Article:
How a Robot and Explosives Killed the Dallas Sniper in an Unusual Way

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Dallas Police Chief David Brown gave an order to his SWAT team after a 45-minute gun battle and two hours of negotiating with a sniper targeting police officers.

He told them to come up with a creative plan to neutralize the suspect without putting another officer in the line of fire.

In the time it took Chief Brown to get back from updating the public about the ongoing battle, his officers had hatched a plan. It would keep them out of the line of fire and take out the suspect.

“They improvised this whole idea in about 15, 20 minutes — extraordinary,” Chief Brown says.

By the time the chief gave the go ahead, at least two officers had already been killed, and several more gravely wounded. Three more would later die from their injuries.

The sniper was targeting police officers, particularly white officers.

“He was basically lying to us, laughing at us, singing and asking, ‘How many did he get?’ and saying that ‘he wanted to kill more,'” Chief Brown told CNN’s Jake Tapper.

Chief Brown made the final call and carried out a plan law enforcement experts say they’ve never seen done by local officials: Use a robot and a pound of C-4 explosive to take the sniper out.

The fight against military trained sniper
Chief Brown says the robot was used in the building where Johnson was still sniping, intent on continuing to kill.

They’d had the robot for a long while. The Remotec Androx Mark V A-1, manufactured by Northrup Grumman, was purchased by the department in 2008. The robot, which cost $151,000, sustained minor damage to the extension arm and is still functional, the chief says.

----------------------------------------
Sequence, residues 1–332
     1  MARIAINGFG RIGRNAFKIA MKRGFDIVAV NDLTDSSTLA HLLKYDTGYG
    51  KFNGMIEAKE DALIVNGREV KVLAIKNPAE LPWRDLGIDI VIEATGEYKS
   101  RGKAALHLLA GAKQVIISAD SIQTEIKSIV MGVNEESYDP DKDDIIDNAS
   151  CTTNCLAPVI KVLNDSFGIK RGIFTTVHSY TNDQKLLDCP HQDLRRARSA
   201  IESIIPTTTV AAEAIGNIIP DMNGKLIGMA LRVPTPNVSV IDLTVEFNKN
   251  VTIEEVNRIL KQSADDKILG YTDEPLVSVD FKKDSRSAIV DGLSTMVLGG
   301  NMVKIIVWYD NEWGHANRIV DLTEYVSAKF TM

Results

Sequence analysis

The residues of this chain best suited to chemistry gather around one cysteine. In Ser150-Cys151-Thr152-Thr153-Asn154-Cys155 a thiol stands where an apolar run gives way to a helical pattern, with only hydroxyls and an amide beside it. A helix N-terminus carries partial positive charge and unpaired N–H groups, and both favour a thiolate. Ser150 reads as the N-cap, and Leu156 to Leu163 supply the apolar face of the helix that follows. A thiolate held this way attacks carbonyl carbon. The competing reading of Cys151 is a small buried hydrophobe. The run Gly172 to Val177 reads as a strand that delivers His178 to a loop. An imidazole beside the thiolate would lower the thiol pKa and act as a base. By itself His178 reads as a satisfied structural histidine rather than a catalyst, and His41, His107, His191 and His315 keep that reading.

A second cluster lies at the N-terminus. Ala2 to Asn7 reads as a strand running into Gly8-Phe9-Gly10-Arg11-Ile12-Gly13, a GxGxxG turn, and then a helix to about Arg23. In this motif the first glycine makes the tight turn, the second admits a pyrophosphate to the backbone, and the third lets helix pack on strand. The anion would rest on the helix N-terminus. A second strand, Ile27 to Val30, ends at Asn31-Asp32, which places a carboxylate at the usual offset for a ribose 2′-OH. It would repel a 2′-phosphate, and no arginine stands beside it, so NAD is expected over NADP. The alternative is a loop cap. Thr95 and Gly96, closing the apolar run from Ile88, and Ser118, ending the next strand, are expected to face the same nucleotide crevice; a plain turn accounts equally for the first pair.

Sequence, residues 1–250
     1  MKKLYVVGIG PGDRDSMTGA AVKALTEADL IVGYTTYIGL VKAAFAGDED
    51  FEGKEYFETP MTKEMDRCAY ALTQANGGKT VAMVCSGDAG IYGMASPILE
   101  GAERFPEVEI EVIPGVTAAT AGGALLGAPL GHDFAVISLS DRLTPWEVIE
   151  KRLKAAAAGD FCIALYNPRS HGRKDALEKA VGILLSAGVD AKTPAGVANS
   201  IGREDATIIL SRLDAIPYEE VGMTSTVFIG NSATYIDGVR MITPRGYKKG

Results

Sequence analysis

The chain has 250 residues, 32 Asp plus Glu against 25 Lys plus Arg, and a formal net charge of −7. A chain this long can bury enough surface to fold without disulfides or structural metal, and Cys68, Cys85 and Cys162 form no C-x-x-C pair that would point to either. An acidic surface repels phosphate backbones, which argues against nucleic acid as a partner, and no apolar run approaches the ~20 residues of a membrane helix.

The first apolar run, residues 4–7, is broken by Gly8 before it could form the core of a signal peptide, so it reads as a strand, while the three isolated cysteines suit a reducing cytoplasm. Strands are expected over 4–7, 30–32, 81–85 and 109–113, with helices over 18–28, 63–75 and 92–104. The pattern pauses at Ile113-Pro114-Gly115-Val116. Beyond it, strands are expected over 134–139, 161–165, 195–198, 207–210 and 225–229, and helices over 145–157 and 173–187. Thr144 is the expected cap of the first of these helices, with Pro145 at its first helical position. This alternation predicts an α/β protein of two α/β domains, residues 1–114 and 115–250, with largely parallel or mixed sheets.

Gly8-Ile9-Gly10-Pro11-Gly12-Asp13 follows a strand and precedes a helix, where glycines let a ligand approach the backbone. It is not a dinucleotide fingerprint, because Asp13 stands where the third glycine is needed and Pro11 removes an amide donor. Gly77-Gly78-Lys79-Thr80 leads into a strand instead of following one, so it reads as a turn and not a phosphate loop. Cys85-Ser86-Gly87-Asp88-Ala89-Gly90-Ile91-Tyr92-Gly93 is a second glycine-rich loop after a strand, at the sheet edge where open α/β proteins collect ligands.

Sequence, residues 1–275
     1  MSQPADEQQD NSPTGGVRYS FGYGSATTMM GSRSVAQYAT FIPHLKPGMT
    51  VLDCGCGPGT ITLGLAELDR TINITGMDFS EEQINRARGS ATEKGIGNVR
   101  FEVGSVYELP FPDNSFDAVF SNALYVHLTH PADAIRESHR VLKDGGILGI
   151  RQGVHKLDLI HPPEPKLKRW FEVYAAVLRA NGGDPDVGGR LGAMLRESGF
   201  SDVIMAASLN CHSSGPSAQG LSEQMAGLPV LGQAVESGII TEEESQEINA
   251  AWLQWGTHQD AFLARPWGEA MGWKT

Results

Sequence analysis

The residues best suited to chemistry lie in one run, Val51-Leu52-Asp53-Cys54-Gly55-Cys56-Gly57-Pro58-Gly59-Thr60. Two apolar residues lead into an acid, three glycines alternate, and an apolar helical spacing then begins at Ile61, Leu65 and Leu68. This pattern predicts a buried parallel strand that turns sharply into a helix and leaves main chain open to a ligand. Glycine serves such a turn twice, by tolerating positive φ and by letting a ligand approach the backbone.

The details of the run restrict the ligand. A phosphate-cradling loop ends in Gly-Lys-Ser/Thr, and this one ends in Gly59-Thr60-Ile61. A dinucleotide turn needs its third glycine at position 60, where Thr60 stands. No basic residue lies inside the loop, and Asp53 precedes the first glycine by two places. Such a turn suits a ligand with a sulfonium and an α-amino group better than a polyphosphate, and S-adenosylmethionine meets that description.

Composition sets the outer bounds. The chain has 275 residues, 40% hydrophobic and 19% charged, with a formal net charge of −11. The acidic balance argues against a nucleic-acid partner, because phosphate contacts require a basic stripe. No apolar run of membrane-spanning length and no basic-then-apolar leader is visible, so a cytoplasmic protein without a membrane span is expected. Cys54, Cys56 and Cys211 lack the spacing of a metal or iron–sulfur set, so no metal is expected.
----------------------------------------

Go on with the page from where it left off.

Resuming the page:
Chief Brown says his officers were up against a military trained suspect holed up on the second floor of El Centro Community College building in downtown Dallas.

Eventually the robot was maneuvered behind a “brick wall” with the suspect on the other side, the chief says. The robot was carrying the one pound payload, ready to be detonated.

“A pound of C-4 runs about 20 dollars,” if bought in bulk, explosive expert Matt Barnett of Bonetti Explosives told CNN.

Barnett is not in law enforcement, but he’s licensed to dispose of unexploded ordinances and has been working with explosive materials since he was a child out in West Texas. He agreed to demonstrate what a pound of C-4 can do when detonated against a wall.

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SOURCE: CNN, Sara Sidner and Mallory Simon